Keeping Cool in the Sun

As summer takes its full stride so does the humidity, especially this year.  When it’s sweltering, stiflingly so, something cool, crisp and fresh is the perfect antidote.  Yes, a salad is just what’s needed to put the mugginess on ice.

Naturally, people living at the desert’s edge have learned a thing or two about counteracting the oppressive heat. Specifically, today’s entry offers Fattoush  Salad, Lebanon’s refreshing attempt to stay cool even when stepping outside feels like opening the oven door after cooking a roast.

Despite its Near Eastern origins, Fattoush Salad’s bracing freshness is no mirage.  In addition to the salad’s customary ingredients – crisp lettuce, bright tomatoes and cool cucumbers – fattoush calls on other more unexpected means to lower the temperature.  Among them are fresh mint leaves and purslane, a succulent herb that sets each bite awash in a sea of emerald coolness.

In this case, the Terrified Amateur’s personal culinary garden supplied the mint and purslane; the advantage of knowing months ahead of time what recipes are in store, and planning accordingly.  Here’s a picture of the purslane just before it fulfilled its destiny:


Another unique twist is the pita bread than adorns the salad.  The pita recipe comes from the New York Times, and is the same that accompanied last December’s souvlaki entry.  In this case the pita is cut into bite-sized pieces, soaked in olive oil and lightly sprinkled with sea salt.  Ironically enough, soaking the bread in oil keeps it from absorbing the salad’s moisture, thus preserving its interesting textural contrast.  It is, effectively, a chewy Near Eastern crouton.

The fattoush directions were featured on the Epicurious website.   Although the recipe was spotted this past winter, it didn’t make its way into the rotation until late July, when the sauna is set to maximum.  Fortunately for us, fattoush brings with it wintery relief.   Relax and let the coolness wash over you.


Fattoush Salad

For the Dressing:

  • 4 teaspoon ground sumac (*1), soaked in 4 teaspoons warm water for 15 minutes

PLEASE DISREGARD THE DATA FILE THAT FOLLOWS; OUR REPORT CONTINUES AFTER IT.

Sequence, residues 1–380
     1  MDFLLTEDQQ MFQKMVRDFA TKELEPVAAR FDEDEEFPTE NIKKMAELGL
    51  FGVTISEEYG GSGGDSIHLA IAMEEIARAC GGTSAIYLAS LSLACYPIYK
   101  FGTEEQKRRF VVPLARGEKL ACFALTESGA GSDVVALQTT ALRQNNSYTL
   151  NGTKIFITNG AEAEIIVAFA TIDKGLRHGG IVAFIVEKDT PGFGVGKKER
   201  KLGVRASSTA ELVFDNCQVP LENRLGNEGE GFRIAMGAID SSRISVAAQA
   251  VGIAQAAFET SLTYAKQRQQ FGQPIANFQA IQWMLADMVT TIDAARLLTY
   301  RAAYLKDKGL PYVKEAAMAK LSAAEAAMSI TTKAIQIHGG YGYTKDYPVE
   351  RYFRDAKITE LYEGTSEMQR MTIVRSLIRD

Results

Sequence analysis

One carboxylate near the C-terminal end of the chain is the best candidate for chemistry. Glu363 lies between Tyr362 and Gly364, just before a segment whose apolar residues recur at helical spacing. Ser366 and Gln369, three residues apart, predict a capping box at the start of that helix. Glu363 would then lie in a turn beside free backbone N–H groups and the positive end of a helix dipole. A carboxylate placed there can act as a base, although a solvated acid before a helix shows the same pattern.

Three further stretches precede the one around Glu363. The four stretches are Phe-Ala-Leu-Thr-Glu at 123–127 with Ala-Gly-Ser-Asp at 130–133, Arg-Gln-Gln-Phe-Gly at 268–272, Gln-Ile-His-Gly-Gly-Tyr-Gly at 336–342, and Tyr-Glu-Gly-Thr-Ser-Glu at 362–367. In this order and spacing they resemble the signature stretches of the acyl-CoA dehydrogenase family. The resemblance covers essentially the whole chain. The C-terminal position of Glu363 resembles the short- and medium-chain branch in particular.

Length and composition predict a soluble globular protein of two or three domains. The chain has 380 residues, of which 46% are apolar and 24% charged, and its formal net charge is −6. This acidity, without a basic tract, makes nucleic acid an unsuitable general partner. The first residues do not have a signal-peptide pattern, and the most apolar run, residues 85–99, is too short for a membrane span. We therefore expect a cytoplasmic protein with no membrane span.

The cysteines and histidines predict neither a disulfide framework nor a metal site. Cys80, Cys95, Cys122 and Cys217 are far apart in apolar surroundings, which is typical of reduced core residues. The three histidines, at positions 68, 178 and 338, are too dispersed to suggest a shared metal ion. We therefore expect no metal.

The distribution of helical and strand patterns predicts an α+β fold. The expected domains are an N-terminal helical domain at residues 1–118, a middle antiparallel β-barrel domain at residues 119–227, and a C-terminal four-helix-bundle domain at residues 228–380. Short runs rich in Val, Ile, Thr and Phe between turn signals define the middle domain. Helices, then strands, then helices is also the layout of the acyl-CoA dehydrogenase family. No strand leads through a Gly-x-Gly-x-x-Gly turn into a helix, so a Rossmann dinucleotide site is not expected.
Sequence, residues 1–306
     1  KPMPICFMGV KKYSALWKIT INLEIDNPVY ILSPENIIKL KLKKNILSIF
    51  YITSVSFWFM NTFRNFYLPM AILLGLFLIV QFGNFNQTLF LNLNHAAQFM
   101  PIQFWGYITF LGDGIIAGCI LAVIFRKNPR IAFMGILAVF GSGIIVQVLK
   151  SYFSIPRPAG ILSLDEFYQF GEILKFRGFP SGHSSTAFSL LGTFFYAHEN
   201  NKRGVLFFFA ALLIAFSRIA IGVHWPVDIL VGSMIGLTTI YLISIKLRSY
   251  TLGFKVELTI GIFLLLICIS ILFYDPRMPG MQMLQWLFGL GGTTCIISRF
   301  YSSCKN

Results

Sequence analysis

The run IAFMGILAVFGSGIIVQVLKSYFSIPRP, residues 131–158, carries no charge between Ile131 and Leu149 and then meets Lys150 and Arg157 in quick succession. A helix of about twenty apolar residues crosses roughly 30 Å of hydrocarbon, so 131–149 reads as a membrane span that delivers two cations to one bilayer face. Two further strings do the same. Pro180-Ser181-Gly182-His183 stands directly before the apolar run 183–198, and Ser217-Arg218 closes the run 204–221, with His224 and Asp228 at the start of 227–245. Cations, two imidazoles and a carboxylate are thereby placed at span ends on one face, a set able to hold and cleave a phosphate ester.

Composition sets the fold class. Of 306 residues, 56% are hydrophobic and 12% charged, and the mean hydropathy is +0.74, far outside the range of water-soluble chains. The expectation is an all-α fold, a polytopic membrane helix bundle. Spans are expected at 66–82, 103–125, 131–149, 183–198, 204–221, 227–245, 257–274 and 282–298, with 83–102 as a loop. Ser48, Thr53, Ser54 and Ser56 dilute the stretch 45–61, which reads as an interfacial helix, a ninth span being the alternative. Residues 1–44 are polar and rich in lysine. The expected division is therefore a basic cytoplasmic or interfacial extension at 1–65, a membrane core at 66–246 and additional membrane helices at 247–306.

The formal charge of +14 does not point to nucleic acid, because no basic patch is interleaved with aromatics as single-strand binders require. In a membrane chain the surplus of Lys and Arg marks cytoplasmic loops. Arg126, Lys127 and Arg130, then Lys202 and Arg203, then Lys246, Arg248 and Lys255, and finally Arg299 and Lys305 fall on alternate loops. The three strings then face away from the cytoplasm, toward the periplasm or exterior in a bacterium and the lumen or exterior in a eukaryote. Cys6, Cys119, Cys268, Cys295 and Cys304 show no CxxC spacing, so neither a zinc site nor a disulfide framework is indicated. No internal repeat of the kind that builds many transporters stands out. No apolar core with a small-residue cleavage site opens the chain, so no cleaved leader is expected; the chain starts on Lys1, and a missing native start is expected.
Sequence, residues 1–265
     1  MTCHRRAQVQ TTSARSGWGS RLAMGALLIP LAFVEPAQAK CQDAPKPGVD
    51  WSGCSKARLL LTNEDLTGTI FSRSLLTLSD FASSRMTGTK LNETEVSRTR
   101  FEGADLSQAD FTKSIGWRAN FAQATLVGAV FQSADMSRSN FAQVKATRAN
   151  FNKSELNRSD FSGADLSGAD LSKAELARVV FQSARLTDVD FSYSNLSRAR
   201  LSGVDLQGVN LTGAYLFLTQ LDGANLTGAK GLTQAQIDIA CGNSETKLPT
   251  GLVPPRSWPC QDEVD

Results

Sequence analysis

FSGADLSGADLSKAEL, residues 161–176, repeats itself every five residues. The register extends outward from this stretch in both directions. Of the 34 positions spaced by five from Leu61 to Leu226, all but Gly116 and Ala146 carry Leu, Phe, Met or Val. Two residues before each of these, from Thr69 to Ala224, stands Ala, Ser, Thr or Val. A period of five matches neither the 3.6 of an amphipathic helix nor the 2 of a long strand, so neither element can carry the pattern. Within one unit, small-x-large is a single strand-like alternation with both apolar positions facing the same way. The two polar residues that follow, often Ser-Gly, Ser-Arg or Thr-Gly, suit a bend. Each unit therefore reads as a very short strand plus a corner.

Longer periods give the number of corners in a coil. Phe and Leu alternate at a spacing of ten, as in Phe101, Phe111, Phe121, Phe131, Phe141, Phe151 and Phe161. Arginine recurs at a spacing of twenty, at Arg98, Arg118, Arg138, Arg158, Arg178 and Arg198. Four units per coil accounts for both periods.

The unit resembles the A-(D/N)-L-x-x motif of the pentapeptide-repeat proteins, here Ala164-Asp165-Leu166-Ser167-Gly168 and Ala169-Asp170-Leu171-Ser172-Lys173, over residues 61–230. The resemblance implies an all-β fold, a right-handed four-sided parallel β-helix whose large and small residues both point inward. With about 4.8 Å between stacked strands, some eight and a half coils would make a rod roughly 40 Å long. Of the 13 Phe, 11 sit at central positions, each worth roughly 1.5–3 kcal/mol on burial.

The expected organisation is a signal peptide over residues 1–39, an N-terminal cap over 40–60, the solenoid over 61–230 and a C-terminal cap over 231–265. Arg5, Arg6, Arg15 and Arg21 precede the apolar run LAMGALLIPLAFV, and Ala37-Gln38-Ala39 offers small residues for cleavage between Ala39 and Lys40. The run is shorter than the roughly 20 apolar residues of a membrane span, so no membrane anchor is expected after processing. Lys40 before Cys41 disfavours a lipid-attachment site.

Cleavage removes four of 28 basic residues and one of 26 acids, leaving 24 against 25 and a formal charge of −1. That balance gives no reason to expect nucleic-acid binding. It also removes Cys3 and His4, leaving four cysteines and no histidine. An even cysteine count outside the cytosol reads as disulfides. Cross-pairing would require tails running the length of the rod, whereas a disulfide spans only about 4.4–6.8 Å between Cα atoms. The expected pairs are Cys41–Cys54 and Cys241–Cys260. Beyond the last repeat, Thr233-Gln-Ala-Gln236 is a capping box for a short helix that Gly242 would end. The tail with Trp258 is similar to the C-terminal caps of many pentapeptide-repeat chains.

• 3 tablespoons fresh lemon juice
  • 2 tablespoons pomegranate molasses (*2)
  • 2 small garlic cloves, minced
  • 2 teaspoons white wine vinegar
  • 1/2 teaspoon dried mint
  • 3/4 cup extra-virgin olive oil
  • salt

For the Salad:

  • pita breads, toasted until golden-brown and cut into bite-sized pieces
  • 1/4 cup extra-virgin olive oil
  • salt
  • 3 medium ripe tomatoes, chopped, or 4 cups cherry tomatoes, halved
  • 1 pound cucumbers, sliced thinly crosswise
  • 6 scallions, thinly sliced (*3)
  • 1 head romaine lettuce, trimmed and cut into 3/4-inch pieces
  • 2 cups loosely-packed flat parsley leaves
  • 2 cups purslane leaves (*4)
  • 1 cup fresh mint leaves

For the dressing, combine all the ingredients but the oil and salt.  Slowly drizzle in the oil, whisking constantly until well-blended.   Season to taste with salt and set aside.

For the salad, place the pita pieces in a  medium bowl and coat with the 1/4-cup of olive oil.  Season to taste with salt.

Mix all the vegetables in a large bowl and add 3/4 of the dressing.  Toss to coat.  Add more dressing gradually as needed.  Add the pita and toss once.


1 – You can find sumac in a well-stocked grocery store or in a Near Eastern market, if there’s one close by.  Of course, there’s always Amazon.  If you can’t find sumac, try a similar quantity of dried oregano sprinkled with lemon juice.

2 – Pomegranate molasses will be found in the same place you obtained the sumac.  If none is available, try a similar quantity of boysenberry or even maple syrup with a drop or two of lemon juice.

3 – I also added a leek, sliced very thinly.  It produced a slightly different taste profile and it was visually interesting.

4 – If you don’t grow your own purslane, substitute a few more romaine leaves, chopped.  It won’t be quite the same, but at least you’ll be in the neighborhood.



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